State Medical Licensure Board recommends telemedicine during coronavirus outbreak
JACKSON, Miss. (WLBT) - Governor Tate Reeves’ State of Emergency regarding coronavirus prompts the State Board of Medical Licensure to take action.
The agency will lift restrictions that will help reduce doctor-patient contact and the spread of the virus.
"If you can avoid in person contact, you should," said Ken Cleveland.
The Mississippi State Board of Medical Licensure Executive Director said the agency has issued an emergency proclamation during the coronavirus outbreak that will better protect doctors and patients while reducing patient travel.
The board changed regulations now urging physicians and physician assistants to communicate through telemedicine.
"We are allowing that phone call to count as a visit with the doctor so that those prescriptions can be refilled without an actual person to person visit," added Cleveland.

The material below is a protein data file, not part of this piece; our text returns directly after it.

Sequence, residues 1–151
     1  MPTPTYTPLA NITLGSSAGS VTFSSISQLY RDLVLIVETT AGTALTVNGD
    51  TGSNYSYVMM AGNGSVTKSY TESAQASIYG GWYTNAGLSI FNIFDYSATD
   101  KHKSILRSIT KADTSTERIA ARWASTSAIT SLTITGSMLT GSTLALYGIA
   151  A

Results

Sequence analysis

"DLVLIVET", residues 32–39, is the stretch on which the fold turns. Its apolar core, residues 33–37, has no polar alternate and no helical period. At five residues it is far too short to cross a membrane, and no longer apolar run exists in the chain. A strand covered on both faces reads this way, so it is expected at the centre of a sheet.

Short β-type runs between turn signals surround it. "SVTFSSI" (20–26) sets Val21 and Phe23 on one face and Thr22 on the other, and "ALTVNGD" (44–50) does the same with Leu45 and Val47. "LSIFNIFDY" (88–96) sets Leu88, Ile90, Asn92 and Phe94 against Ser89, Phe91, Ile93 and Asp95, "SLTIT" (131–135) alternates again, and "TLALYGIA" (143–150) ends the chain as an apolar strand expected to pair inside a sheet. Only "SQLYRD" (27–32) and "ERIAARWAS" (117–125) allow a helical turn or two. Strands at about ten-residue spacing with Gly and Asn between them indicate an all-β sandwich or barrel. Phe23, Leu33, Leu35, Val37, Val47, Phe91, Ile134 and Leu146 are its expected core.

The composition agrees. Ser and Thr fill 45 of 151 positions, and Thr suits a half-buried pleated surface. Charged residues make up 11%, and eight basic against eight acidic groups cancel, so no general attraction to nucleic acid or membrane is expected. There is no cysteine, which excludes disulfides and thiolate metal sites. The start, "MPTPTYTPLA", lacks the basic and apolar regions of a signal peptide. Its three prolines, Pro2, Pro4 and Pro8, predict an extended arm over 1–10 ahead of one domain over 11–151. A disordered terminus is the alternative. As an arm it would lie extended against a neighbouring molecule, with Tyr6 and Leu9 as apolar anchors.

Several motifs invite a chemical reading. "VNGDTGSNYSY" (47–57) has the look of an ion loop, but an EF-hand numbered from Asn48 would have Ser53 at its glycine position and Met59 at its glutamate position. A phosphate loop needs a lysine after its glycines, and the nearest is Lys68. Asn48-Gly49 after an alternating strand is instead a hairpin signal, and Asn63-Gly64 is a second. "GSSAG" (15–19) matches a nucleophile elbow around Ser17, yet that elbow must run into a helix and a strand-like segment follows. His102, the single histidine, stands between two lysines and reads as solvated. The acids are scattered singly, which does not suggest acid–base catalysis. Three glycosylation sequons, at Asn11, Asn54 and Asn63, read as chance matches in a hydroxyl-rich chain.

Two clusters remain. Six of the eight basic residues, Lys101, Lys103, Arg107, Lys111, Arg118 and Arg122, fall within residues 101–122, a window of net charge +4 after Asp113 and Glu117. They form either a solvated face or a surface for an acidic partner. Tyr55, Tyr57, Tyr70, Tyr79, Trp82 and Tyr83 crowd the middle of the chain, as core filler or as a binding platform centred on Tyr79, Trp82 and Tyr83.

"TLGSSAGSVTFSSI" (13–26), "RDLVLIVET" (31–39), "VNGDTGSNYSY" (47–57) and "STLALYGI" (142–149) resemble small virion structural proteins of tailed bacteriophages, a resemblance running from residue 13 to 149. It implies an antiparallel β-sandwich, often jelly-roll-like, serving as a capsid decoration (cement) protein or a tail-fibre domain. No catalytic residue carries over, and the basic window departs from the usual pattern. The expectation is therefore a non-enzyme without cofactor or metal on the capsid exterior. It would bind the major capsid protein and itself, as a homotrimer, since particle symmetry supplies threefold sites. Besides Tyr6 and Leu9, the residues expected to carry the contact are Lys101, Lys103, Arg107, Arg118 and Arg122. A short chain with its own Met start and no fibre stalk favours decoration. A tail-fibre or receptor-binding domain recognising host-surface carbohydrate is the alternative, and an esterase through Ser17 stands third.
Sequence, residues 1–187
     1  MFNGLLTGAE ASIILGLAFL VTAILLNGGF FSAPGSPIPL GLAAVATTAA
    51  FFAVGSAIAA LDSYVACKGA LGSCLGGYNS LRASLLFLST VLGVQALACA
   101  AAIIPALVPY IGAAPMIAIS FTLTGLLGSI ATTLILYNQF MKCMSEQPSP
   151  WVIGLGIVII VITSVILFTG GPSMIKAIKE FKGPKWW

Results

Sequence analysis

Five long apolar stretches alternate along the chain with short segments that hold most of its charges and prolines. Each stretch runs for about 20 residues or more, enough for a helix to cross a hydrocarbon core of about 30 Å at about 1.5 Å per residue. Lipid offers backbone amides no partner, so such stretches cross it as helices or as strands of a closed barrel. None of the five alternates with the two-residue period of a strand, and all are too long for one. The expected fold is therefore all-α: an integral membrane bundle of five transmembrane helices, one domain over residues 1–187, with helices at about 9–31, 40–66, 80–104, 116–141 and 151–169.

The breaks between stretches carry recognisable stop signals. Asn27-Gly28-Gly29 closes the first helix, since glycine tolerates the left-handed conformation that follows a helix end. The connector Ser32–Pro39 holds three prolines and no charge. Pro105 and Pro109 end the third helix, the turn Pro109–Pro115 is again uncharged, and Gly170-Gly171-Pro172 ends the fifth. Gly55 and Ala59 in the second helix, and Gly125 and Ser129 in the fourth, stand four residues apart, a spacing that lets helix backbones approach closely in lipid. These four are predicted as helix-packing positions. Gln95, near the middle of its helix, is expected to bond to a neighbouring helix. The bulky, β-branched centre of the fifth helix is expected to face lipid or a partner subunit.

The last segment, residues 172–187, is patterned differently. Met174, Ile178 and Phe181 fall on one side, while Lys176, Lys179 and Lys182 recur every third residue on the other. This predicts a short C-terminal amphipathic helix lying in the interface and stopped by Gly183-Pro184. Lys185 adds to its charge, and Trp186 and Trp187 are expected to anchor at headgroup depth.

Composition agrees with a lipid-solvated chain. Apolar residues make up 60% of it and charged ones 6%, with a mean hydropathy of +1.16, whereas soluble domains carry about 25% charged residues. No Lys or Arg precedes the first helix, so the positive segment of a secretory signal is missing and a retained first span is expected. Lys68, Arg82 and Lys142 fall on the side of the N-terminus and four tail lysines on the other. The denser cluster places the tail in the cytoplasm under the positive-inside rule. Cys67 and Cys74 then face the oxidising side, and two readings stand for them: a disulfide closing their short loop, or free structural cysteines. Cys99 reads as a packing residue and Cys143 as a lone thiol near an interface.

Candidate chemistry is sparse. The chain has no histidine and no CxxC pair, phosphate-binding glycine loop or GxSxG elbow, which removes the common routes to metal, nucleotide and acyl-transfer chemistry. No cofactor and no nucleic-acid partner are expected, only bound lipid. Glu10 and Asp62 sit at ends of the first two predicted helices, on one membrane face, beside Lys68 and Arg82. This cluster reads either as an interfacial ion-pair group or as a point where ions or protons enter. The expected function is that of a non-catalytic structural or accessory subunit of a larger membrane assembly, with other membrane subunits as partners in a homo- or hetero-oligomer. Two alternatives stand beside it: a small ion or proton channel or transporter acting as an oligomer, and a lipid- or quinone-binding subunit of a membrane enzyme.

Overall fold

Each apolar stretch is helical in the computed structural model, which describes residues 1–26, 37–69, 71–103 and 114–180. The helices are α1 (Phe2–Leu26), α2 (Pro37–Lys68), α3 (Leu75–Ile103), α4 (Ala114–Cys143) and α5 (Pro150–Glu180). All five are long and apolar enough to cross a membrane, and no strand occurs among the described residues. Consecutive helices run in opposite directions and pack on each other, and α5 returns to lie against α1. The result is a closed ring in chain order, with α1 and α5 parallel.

This applies to the state's 12,000 physicians and 1,000 physician assistants who write prescriptions.
The licensure board also is allowing out of state physicians to practice telemedicine without being licensed here, as long as they contact the board for authorization, are licensed and in good standing where they practice.
“This is a great relief to many people,” said Clinical Health psychologist Dr. Geralyn Datz. She has practices in Hattiesburg and Jackson.
Datz said the board's decision to encourage telemedicine could help reduce COVID-19's spread.
"The current recommendation from the CDC is to keep about a six foot distance from yourself and another person and obviously in a waiting room environment that's not always possible and in our practice and many others we're encouraging patients not to congregate in waiting rooms," said Datz.
The State Board of Medical Licensure’s telemedicine regulation will remain in place until the State of Emergency is lifted.
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